Many of you have seen or bought home jewelleries or even wall decors for your living room from Etsy that are made up of corrugated tin. But for the people living in the slum near my house or in the village, corrugated tin is not a material to be bought to be worn or to adorn houses; it is used to make homes, and their lives are much different than ours.
People residing in the rural parts of Bangladesh can barely make ends meet; adverse climatic conditions like floods and droughts make agri-based earning difficult. This in turn further limits economic opportunities for the rural poor. They, in most of the cases, cannot either afford electricity or cannot avail to it due to infrastructural incompetency. In a country where summers have always been hot in and being worsened by global warming, this season for the rural cohorts, whose homes are built with corrugated tin, becomes unbearable.
While the urban population can afford air conditioning units, the rural pay the price by suffering. They are the victims for losing out on the lottery of life. In a dreadlock where maintaining three meals a day is difficult, air conditioner or even have electricity connection is a luxury that these people cannot indulge in. When they have greater incomes, families living in rural areas or in the slums of Dhaka do have access to electricity but an air conditioning unit is simply a pipe dream for them.
One Bangladeshi figured out a way to deal with the heat waves; Asish Paul designed a “zero-electricity” air conditioner called Eco-Coolers to combat this challenge. All it needs to make them is a board with holes bored on them and some plastic bottles. The board, which is the base of the Eco-Cooler, is cut out according to the specifications of the window where it will be placed; bottleneck sized holes are made into the board in even rows and columns, forming a grid. The bottoms of the empty bottles are cut off while the funnel shaped bottlenecks are placed in the holes in a way so that the wider part of the bottles face outward. The board is then placed on the windows. Hot air passing through the bottles become compressed, thus lowering its temperature.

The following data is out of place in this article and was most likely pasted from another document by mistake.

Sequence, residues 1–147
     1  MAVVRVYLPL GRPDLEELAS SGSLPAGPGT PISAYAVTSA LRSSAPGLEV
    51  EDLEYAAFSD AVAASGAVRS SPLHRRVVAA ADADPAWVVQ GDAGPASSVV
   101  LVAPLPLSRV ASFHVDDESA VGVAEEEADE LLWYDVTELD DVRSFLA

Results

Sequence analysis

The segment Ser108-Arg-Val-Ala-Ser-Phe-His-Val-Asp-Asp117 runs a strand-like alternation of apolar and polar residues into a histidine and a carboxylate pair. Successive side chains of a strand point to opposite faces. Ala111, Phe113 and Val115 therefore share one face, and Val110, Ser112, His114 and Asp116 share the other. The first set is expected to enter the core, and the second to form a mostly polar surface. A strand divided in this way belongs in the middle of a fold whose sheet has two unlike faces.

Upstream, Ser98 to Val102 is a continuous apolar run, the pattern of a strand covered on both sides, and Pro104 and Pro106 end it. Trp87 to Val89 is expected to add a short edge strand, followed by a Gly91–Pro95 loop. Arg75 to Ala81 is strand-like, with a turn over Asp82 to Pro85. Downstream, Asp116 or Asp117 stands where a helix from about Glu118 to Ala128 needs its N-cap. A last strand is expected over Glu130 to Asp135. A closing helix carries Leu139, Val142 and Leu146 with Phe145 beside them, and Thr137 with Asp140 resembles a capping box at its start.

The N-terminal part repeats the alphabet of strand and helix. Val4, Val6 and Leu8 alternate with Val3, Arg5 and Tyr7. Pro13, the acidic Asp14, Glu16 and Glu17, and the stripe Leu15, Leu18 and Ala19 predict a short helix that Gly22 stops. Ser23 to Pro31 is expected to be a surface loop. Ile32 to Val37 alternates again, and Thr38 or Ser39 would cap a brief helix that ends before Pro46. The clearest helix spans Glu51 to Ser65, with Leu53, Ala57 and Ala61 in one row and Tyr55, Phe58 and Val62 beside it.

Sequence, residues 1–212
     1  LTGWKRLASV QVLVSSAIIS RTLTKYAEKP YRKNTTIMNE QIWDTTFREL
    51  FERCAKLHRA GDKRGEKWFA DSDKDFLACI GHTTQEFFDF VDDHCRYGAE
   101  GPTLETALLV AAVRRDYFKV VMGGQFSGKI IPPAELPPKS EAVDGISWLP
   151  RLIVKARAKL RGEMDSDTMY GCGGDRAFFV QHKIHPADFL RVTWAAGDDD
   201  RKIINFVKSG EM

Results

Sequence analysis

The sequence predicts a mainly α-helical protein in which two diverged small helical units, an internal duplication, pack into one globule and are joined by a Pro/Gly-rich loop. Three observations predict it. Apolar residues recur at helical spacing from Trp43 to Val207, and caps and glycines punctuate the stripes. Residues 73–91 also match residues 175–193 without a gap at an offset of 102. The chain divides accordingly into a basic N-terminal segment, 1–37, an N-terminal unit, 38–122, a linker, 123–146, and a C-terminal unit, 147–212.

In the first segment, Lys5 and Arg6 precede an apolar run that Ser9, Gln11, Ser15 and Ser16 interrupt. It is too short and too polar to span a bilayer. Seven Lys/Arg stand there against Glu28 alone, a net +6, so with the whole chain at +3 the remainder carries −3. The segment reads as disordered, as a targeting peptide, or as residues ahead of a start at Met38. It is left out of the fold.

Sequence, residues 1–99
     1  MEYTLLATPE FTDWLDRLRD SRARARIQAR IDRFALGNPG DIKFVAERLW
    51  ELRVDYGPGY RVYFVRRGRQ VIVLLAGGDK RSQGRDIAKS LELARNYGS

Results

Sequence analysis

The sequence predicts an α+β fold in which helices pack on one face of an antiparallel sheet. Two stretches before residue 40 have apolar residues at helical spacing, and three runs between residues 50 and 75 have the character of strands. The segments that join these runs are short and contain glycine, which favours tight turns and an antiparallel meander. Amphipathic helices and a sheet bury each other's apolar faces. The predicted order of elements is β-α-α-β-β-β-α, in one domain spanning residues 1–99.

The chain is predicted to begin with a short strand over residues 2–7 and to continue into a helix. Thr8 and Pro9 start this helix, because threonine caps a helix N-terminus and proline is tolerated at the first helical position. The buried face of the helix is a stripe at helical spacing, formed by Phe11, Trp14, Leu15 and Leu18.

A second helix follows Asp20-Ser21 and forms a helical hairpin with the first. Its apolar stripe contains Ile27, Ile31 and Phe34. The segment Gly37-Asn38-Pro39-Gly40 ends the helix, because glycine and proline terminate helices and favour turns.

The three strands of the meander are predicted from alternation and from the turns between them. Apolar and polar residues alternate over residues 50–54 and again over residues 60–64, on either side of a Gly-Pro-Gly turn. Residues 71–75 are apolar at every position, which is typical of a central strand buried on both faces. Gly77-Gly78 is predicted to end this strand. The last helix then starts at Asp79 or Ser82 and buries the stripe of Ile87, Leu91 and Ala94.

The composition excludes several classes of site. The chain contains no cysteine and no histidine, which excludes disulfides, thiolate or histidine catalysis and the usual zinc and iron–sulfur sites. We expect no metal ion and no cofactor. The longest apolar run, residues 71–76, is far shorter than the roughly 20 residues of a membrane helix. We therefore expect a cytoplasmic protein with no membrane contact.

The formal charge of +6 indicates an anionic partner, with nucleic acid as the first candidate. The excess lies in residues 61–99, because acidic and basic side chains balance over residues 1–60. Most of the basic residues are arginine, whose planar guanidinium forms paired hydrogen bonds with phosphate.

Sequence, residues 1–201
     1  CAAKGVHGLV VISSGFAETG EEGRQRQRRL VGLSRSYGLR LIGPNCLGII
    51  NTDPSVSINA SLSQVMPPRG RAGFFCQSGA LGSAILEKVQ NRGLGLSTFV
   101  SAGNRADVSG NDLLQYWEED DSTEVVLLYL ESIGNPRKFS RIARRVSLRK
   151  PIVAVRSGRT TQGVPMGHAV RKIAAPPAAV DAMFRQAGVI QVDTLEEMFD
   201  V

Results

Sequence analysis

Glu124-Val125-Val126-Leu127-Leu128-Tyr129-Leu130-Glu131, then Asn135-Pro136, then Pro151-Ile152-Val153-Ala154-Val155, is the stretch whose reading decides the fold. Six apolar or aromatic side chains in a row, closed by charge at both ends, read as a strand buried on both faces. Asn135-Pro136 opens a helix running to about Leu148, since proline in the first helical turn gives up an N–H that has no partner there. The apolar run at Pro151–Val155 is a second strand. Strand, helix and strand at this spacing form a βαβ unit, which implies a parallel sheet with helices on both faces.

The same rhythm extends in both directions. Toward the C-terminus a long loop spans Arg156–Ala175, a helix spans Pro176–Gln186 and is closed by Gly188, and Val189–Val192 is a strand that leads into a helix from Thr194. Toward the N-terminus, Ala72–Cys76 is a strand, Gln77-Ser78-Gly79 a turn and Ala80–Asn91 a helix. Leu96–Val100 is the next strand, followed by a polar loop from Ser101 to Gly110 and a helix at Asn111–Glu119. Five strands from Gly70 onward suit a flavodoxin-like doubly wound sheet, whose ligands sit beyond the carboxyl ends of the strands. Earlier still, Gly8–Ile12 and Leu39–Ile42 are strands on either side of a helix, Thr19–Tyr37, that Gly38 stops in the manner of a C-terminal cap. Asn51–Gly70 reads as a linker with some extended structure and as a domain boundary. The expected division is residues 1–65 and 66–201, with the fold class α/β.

This affordable, sustainable innovation has managed to lower temperature of a room by 5 degree Celsius during its test runs. Ashish Paul and his team have collaborated with Grameen Intel Social Business Limited to install over 25000 units all across Bangladesh, that they gave away for free. The first prototype was tested around March last year and by this February, Eco-Cooler was ready to be executed. Though the implementation phase commenced at Rajbari, project now has spread in small scale across Nilphamari, Daulatdia, Paturia, Modonhati and Khaleya regions of Bangladesh.
Additionally, households in these districts have been taught to make Eco-Coolers by themselves, an initiative to empower the rural poor with the knowledge to make their lives a bit easier. The team also encouraged them to pass on the knowledge by teaching others around them and by putting up “how to” steps on their website.
However, since the Eco-Cooler has to be placed on the windows, it obstructs sunlight from getting in. Also, wind speeds might not always be enough to implement this innovation in urban houses.